Archive for the ‘sports’ Category

Thoughts of Her

May 20, 2013

Why so many thoughts of her? Do I still love her? Or do I want to be her? The whole glossy fashion magazine life – the right brands, the right places. Somewhere between lululemon and YSL is Nirvana. There was – is – a regal grace about the woman that’s really sexy. The pinnacle of a plug for United Colors of Benetton extolling the virtue of temperance.

I imagine her also in a luxuriance only dreamed of in some Arabian legend of gold and wishes granted. Delighting in massage after massage at the hands of big strong men while little Asian ladies give the eternal pedicure – a kind of state of permanent blissful grooming.

In my thoughts, her Adidas tennis skirt is always hitched up revealingly, instantly recalling the après game, set and match. Her soul served in a chilled vodka (Absolut?) and cranberry cocktail, sitting on a mosaic-covered table overlooking the town of Santorini – bathed in sun and the snazziest French produit de soleil. She is certainly a tart du tropique.

Then there is the innate mastery of arts gastronomique. She will always be rosy and smiling, filled with Paris, fine wine and enough chocolate mousse to choke une cheval. Her lovely long blonde hair forever bathed in the candlelight of a bustling Parisian restaurant. Dinner at Chez Janou, for the rest of time.

Well, anyway, cheers to you madame. On avait l’amour, si meme pas pour longtemps.

Warm Up

January 26, 2012

Chesterman Beach

January 1, 2012

Lachine

November 19, 2010

Postcard from the last ride of the season; a familiar Quebecois quaint.

On the Bike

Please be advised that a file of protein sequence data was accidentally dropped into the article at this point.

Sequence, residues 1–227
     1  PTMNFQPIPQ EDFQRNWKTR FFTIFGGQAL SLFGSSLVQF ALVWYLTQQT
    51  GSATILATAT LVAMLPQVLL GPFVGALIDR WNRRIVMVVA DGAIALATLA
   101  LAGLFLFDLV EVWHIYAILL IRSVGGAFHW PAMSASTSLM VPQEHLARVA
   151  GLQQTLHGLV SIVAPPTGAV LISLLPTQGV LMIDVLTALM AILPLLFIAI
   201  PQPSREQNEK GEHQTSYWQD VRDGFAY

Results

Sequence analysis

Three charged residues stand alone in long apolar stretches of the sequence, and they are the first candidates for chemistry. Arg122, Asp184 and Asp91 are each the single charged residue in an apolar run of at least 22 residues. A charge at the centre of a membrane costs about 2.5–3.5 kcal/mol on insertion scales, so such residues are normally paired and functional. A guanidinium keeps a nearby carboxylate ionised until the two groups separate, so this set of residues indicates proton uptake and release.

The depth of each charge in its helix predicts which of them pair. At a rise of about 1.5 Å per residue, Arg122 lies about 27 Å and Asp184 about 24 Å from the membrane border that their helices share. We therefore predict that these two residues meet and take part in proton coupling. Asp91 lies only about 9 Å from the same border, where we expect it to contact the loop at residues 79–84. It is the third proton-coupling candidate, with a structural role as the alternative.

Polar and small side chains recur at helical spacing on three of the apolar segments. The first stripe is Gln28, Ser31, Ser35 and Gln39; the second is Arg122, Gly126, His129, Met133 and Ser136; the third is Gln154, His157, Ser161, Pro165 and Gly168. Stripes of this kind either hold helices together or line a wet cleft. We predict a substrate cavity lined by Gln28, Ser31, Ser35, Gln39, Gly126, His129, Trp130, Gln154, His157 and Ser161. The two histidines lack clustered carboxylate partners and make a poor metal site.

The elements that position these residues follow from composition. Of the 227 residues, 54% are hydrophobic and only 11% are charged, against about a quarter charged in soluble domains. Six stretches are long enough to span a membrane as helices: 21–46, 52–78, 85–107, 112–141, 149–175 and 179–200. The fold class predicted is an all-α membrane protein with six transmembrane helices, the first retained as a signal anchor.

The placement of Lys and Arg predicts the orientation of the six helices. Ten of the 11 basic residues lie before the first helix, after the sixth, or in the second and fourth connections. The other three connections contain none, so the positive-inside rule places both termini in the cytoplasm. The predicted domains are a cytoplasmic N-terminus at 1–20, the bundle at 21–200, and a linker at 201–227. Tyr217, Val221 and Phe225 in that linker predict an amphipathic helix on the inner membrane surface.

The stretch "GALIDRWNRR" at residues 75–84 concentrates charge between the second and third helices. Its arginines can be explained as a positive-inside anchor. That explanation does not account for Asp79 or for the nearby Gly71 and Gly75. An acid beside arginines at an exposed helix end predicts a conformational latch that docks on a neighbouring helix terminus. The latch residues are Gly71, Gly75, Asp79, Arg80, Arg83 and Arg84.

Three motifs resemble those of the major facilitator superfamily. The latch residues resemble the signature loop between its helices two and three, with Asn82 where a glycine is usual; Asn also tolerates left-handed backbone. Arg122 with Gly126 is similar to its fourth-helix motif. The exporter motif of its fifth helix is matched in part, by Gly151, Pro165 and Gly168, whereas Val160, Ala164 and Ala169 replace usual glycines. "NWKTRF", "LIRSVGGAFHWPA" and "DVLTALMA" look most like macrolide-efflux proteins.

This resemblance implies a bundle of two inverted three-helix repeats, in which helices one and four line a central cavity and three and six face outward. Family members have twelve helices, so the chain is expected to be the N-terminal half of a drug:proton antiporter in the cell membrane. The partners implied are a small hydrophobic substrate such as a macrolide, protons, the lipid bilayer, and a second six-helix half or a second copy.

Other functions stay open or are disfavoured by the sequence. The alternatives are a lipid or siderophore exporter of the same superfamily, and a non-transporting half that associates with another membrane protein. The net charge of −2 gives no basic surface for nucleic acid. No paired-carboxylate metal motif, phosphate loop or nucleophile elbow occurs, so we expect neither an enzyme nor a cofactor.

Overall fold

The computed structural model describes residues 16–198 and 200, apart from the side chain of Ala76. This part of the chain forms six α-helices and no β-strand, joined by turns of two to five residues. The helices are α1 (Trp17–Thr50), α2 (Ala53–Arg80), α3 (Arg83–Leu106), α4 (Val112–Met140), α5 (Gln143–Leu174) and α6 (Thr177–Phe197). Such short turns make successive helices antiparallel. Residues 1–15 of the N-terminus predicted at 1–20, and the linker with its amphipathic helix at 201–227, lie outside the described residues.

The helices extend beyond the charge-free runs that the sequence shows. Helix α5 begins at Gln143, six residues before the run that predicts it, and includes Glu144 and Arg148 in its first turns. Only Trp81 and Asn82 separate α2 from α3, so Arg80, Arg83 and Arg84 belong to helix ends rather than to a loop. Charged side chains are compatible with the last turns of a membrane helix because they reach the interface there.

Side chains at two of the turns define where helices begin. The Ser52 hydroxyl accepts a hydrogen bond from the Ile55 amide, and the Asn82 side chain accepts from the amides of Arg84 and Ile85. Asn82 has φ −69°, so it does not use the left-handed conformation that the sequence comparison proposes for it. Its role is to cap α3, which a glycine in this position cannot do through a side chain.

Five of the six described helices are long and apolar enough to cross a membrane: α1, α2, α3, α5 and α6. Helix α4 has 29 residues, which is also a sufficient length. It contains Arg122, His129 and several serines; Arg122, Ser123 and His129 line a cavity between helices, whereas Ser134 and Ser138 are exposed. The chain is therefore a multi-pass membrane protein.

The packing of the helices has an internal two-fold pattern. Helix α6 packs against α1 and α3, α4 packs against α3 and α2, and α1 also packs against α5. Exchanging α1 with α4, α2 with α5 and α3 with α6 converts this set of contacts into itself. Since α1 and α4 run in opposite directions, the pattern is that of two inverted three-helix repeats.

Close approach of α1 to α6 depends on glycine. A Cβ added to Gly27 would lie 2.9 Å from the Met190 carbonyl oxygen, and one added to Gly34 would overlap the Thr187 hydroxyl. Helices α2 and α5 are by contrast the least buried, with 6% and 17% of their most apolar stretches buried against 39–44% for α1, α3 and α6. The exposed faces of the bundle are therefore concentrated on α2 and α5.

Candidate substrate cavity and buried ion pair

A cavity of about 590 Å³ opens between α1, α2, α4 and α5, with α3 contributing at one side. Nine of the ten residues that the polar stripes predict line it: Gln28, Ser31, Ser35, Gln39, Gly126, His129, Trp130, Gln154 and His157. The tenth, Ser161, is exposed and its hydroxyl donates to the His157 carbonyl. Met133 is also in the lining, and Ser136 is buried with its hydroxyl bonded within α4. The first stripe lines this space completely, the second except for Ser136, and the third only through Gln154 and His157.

October 20, 2010

Maybe it’s because I’m reading Zen and the Art of Motorcycle Maintenance and thinking about “quality”, but revelations about the big ideas in life are currently coming in the form of machine metaphors. My machine is a bicycle. My bike is my solace, my left arm, my drug. Since I’ve come back to Montreal I’ve hit the bike hard, rediscovering old routes, some deeply embedded in muscle memory. I’ve been riding maybe 30-40 Km/day, most days, weather permitting. That works out to ~ 200 Km/week. Not bad, all considered.

But something has been bugging me the whole time…The bike itself. I had it tuned up when I got here and, as in the past, asked if maybe the chain and cogs should be changed — I complained that they were slipping when I really started to pound the pedals out of the saddle, and the drivetrain felt soft. Like many mechanics before, this one suggested it needed a tune up and cleaning, and after that it was OK. But just OK. There was still slipping, still this sense of losing power with each pedal stroke. The amount of energy I put into a ride seemed disproportionate to my speed and distance. It was annoying.

The other day I got a flat…A bad one, a broken valve on the tube. I needed a new tube so decided to just bring the bike in. I asked this mechanic the same question…Should I change the cogs and chain? And, unlike everyone else before him, he thought about it, agreed and did exactly what I asked. He went into the back to find the parts, and they weren’t even that expensive. The whole deal cost less than a major tune-up.

And the result? Phenomenal. I feel physically down today, battling a chest cold, but the bike, the bike is beautiful. Fast — all the energy of each pedal stroke transferred perfectly. Even though I was sluggish, the bike wasn’t. A problem that had been bugging me for months, maybe even a year, was solved. No big deal. And it was solved the way I thought it would be all along…

I feel as if life is coming around to this too. Like the drivetrain is getting a refit — and power transfer to the proverbial pedals of existence is moving towards 100%. It’s amazing how these things happen. You can go forever just making minor repairs, or fiddling, and hope that makes the difference. But until you deal with the underlying issue there will always be slack and lag. Then, overnight, you spot the true crux of the problem. And here the emphasis is on you. You know better than any expert or mechanic what the problem is, since you “ride the bike” everyday. Sometimes you just need to insist on the validity of your own perspective, and fight for what, instinctively, you know is good for you.